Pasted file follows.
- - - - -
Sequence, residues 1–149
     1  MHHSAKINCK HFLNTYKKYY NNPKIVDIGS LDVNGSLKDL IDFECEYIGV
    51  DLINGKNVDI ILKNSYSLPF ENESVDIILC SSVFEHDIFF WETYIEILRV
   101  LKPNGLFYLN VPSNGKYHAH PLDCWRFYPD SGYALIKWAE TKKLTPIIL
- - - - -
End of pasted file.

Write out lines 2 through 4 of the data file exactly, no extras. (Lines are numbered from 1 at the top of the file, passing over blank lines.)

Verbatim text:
     1  MHHSAKINCK HFLNTYKKYY NNPKIVDIGS LDVNGSLKDL IDFECEYIGV
    51  DLINGKNVDI ILKNSYSLPF ENESVDIILC SSVFEHDIFF WETYIEILRV
   101  LKPNGLFYLN VPSNGKYHAH PLDCWRFYPD SGYALIKWAE TKKLTPIIL